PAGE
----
Pullbox Reviews: Blade Runner Origins #1

Author(s): K. Perkins, Mellow Brown, Mike Johnson
Artist(s): Fernando Dagnino
Cover Artist(s): Stanley ‘Artgerm’ Lau (CVR A), Peach Momoko (CVR B), Fernando Dagnino (CVR C), Robert Hack (CVR D), Piotr Kowalski (CVR E), Blank Sketch (CVR F).

Enter the world of Blade Runner: 2009 and Discover the untold origins of the Blade Runners!
A Tyrell Corporation scientist is DEAD – the victim of an apparent suicide.
But when LAPD Detective Cal is called in to investigate, he uncovers secret documents revealing a new kind of replicant and a conspiracy that could change the world. FEATURES AN ALL-STAR CREATIVE TEAM including K. PERKINS (Supergirl), MELLOW BROWN (American Gods) plus Titan’s bestselling Blade Runner 2019 co-writer MIKE JOHNSON.

It’s hard to talk to a any kind of nerd in their 30s to their 60’s that doesn’t have a deep love for Blade Runner. We love the original film, the world, the comics, just about everything. I, of course, jumped at the opportunity to take a peek at the story of the first person to be called a Blade Runner.

The art is bea-uti-ful! Fernando Dagnino (pencils) and Marco Lesko (colors) are a great dynamic duo for interiors. Their use of colors, light, and dark adds so much to the experience of the book. There’s a scene early in the book where our main character, Moreaux, is traveling to his station house. They recreate the look of Ridley Scott’s classic world perfectly. From the distinct cityscape to the 1920’s look of the police station, it looks perfect. Top marks to the art team.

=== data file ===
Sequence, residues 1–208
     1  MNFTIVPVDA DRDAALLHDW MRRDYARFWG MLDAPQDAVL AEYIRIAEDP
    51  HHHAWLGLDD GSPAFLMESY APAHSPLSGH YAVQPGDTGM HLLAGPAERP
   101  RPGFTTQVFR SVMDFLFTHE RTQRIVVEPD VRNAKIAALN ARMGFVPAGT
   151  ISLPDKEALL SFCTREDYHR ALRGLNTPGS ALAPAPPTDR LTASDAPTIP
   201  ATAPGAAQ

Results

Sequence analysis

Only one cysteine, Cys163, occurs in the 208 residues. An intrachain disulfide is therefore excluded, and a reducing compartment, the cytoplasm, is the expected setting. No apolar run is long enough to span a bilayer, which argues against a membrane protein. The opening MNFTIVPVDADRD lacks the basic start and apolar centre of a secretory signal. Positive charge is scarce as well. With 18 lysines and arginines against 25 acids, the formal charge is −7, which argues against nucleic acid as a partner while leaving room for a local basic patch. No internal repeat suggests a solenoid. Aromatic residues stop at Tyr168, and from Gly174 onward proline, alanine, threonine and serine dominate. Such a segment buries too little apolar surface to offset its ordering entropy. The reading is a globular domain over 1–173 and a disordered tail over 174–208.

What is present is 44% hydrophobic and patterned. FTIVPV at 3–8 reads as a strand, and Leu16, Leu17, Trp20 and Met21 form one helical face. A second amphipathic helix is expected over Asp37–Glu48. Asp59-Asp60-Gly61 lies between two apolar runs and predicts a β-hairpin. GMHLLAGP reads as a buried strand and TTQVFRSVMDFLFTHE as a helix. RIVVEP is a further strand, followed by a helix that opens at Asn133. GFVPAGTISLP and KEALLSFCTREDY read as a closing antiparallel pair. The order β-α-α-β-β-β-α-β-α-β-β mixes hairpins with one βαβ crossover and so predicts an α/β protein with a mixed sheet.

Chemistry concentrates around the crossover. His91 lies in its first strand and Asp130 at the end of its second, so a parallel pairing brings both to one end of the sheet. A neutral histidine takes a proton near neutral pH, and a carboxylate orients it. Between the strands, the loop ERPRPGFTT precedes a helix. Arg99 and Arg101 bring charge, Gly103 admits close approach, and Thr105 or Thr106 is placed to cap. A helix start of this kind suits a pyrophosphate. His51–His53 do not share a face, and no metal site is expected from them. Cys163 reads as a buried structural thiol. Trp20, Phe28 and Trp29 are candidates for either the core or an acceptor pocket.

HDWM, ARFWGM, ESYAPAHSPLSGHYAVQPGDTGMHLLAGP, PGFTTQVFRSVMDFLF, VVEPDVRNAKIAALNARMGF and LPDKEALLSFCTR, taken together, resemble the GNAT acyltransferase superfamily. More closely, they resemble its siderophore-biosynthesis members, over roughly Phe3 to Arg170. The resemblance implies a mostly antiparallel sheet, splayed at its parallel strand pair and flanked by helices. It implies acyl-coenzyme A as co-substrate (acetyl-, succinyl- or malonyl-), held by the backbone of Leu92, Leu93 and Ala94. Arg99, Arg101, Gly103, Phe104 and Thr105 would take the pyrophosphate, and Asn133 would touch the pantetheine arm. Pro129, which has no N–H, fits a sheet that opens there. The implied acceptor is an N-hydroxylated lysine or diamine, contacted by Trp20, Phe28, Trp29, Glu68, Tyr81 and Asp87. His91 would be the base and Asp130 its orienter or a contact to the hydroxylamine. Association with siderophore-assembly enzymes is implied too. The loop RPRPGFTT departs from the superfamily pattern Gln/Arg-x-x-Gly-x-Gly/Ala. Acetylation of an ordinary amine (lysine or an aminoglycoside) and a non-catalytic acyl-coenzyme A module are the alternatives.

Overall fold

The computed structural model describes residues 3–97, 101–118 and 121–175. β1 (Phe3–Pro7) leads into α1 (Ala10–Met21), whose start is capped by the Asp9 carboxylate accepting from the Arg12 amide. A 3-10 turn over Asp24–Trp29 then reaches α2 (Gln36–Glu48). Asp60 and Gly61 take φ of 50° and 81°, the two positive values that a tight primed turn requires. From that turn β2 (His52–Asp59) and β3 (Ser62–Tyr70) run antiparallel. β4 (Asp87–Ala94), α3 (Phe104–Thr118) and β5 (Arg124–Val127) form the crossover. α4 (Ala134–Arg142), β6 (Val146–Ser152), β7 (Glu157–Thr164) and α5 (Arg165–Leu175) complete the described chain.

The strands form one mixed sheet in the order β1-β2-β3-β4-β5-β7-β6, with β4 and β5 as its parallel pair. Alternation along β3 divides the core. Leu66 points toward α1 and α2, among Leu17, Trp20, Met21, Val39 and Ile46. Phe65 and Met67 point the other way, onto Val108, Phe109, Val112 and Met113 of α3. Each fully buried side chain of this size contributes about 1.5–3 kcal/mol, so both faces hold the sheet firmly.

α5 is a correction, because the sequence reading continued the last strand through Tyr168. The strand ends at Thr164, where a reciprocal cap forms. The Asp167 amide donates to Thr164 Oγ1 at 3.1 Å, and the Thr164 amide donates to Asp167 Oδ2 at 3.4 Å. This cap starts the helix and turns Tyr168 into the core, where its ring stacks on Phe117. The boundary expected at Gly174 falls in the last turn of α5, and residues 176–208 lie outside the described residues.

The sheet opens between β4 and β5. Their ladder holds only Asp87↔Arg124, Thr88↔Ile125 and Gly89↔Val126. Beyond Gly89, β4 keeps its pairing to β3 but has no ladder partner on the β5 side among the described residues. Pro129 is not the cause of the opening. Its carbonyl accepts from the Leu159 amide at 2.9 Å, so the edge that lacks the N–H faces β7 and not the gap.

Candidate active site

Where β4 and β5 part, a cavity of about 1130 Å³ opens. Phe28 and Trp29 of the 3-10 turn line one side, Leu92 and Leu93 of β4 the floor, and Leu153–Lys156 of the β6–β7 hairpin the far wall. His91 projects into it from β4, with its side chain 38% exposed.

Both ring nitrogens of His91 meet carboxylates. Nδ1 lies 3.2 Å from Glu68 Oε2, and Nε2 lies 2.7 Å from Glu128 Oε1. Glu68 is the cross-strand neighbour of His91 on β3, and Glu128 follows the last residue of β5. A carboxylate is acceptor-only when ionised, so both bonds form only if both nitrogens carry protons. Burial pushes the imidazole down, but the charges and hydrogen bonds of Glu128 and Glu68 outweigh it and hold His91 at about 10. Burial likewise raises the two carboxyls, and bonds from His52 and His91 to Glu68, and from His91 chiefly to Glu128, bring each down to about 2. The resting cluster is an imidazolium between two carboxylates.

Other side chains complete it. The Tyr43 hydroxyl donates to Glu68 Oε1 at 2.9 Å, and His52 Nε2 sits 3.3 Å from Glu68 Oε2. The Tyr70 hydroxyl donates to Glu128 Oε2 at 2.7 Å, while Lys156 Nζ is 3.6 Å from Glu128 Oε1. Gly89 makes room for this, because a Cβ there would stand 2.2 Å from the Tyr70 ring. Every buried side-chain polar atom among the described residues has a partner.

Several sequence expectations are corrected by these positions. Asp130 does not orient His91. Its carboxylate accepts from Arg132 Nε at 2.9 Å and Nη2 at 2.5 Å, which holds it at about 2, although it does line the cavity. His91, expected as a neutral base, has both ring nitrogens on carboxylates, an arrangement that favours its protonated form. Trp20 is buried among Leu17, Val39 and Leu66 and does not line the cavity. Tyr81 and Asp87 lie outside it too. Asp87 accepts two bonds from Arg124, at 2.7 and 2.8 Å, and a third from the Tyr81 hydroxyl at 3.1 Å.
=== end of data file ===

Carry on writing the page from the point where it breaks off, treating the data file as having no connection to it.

The story hit me on a different level. First I was a bit surprised to see three people with the writing credit. K.Perkins, Mellow Brown, and Mike Johnson all get a nod as the writer. I’m not sure how they split the writing duties, but it streams together well. The dialog flows well and as far as the first issue goes, it makes me want read the next issue. There is one aspect of the story that just seems like I’ve seen it before. Here’s the set-up: An important scientist at the Tyrell corporation is dead of what looks like an apparent suicided. Moreaux, a not well liked cop, is assigned the case and his investigation is being impeded by well-connected corporate executives. In the last pages of the issue, our hero learns that it might not be a suicide but in fact a (gasp) murder and that the newest model of replicate had gone missing. I liked a like about this book, but the story like seems pretty close (or identical) to Will Smith’s 2004 version of Isaac Asimov’s I Robot. I’m hoping it plays out different.

Score: 9/13

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